Heath and Aging

End of Life: Helping with Comfort and Care

Dementia at the End of Life

hospital bed with afghanWhile I thought that I was learning how to live, I have been learning how to die.
— Leonardo da Vinci (1452-1519)

As they reach the end of life, people suffering from dementia can present special challenges for caregivers. People can live with diseases such as Alzheimer’s or Parkinson’s dementia for years, so it can be hard to think of these as terminal diseases. But, they do cause death.

Hard Decisions

Dementia causes the gradual loss of thinking, remembering, and reasoning abilities, making it difficult for those who want to provide supportive care at the end of life to know what is needed. Because people with advanced dementia can no longer communicate clearly, they cannot share their concerns. Is Uncle Bert refusing food because he’s not hungry or because he’s confused? Why does Grandma Sakura seem agitated? Is she in pain and needs medication to relieve it, but can’t tell you?

As these conditions progress, caregivers may find it hard to provide emotional or spiritual comfort. How can you let Grandpa know how much his life has meant to you? How do you make peace with your mother if she no longer knows who you are? Someone who has severe memory loss might not take spiritual comfort from sharing family memories or understand when others express what an important part of their life this person has been. Palliative care or hospice (see Care Options at the End of Life) can be helpful in many ways to families of people with dementia.

Sensory connections—targeting someone’s senses, like hearing, touch, or sight—can bring comfort. Being touched or massaged can be soothing. Listening to music, white noise, or sounds from nature seem to relax some people and lessen their agitation.

When a dementia like Alzheimer’s disease is first diagnosed, if everyone understands that there is no cure, then plans for the end of life can be made before thinking and speaking abilities fail and the person with Alzheimer’s can no longer legally complete documents like advance directives (see Prepare Advance Directives and Other Documents).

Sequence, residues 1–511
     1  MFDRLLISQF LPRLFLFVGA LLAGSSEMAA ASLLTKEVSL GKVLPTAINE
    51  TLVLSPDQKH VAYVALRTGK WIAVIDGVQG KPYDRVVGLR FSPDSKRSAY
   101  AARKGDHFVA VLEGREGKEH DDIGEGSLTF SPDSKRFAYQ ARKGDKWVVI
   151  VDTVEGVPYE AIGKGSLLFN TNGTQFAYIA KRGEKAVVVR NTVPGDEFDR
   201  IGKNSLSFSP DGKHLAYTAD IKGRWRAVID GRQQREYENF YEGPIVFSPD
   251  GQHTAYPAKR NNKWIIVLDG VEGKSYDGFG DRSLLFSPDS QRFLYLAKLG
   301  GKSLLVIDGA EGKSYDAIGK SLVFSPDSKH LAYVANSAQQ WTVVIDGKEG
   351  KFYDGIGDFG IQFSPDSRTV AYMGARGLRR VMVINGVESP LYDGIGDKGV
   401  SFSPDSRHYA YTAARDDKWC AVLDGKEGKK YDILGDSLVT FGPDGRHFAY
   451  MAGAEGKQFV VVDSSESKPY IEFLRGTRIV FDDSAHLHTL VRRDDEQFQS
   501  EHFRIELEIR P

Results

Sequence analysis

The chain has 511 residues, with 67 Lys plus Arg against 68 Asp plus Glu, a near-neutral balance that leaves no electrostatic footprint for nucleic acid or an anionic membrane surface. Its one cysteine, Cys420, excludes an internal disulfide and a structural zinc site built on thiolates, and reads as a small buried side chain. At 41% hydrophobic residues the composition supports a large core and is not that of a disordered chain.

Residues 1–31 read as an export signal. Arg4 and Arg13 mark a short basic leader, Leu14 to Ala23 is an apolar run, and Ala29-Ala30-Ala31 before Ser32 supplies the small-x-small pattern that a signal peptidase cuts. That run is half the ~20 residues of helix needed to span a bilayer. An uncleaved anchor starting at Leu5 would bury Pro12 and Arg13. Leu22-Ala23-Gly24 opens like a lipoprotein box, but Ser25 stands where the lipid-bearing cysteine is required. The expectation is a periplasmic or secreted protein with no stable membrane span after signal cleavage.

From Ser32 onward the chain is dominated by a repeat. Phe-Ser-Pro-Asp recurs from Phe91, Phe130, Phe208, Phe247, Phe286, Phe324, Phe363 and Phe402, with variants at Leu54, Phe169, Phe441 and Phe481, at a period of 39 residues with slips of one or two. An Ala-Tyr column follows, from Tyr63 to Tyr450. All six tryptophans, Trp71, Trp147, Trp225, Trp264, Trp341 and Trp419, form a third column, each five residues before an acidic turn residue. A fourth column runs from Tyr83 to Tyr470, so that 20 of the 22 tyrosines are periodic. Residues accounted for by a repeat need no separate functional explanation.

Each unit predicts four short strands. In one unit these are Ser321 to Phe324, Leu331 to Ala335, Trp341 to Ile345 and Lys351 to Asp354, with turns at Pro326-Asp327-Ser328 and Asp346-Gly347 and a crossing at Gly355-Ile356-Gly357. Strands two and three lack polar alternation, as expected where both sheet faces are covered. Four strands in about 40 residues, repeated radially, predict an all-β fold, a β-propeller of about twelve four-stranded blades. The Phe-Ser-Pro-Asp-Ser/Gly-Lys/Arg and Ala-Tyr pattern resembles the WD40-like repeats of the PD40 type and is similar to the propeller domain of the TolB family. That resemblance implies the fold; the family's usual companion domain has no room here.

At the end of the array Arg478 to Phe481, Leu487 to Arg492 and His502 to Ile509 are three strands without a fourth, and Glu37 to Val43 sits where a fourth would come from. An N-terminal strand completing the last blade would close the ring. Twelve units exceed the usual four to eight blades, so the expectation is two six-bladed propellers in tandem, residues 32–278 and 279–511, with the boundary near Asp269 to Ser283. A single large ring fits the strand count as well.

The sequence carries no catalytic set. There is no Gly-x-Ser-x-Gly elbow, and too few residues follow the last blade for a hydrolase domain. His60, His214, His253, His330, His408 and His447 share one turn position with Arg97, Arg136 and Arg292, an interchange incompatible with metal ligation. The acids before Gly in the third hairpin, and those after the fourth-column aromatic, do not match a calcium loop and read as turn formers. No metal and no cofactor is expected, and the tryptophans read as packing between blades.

End-of-life care decisions are more complicated for caregivers if the dying person has not expressed the kind of care he or she would prefer. Someone newly diagnosed with Alzheimer’s disease might not be able to imagine the later stages of the disease.

Alma and Silvia’s Story

Alma had been forgetful for years, but even after her family knew that Alzheimer’s disease was the cause of her forgetfulness, they never talked about what the future would bring. As time passed and the disease eroded Alma’s memory and ability to think and speak, she became less and less able to share her concerns and wishes with those close to her.

This made it hard for her daughter Silvia to know what Alma needed or wanted. When the doctors asked about feeding tubes or antibiotics to treat pneumonia, Silvia didn’t know how to best reflect her mother’s wishes. Her decisions had to be based on what she knew about her mom’s values, rather than on what Alma actually said she wanted.

Weighing Care Choices

Quality of life is an important issue when making healthcare decisions for people with dementia. For example, medicines are available that may delay or keep symptoms from becoming worse for a little while. Medicines also may help control some behavioral symptoms in people with mild to moderate Alzheimer’s disease.